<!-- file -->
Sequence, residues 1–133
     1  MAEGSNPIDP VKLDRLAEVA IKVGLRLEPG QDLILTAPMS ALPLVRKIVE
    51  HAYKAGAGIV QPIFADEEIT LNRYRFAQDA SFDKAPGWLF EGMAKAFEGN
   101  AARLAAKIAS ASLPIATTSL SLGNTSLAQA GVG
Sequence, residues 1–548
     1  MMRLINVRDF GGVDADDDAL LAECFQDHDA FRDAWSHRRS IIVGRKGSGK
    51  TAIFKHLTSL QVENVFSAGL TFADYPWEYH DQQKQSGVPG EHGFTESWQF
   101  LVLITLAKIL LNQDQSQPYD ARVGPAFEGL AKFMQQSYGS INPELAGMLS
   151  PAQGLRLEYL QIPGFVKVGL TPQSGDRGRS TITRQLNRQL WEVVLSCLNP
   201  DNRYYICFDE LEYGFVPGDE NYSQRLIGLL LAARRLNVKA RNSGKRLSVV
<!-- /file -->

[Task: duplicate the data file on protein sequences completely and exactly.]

Sequence, residues 1–133
     1  MAEGSNPIDP VKLDRLAEVA IKVGLRLEPG QDLILTAPMS ALPLVRKIVE
    51  HAYKAGAGIV QPIFADEEIT LNRYRFAQDA SFDKAPGWLF EGMAKAFEGN
   101  AARLAAKIAS ASLPIATTSL SLGNTSLAQA GVG
Sequence, residues 1–548
     1  MMRLINVRDF GGVDADDDAL LAECFQDHDA FRDAWSHRRS IIVGRKGSGK
    51  TAIFKHLTSL QVENVFSAGL TFADYPWEYH DQQKQSGVPG EHGFTESWQF
   101  LVLITLAKIL LNQDQSQPYD ARVGPAFEGL AKFMQQSYGS INPELAGMLS
   151  PAQGLRLEYL QIPGFVKVGL TPQSGDRGRS TITRQLNRQL WEVVLSCLNP
   201  DNRYYICFDE LEYGFVPGDE NYSQRLIGLL LAARRLNVKA RNSGKRLSVV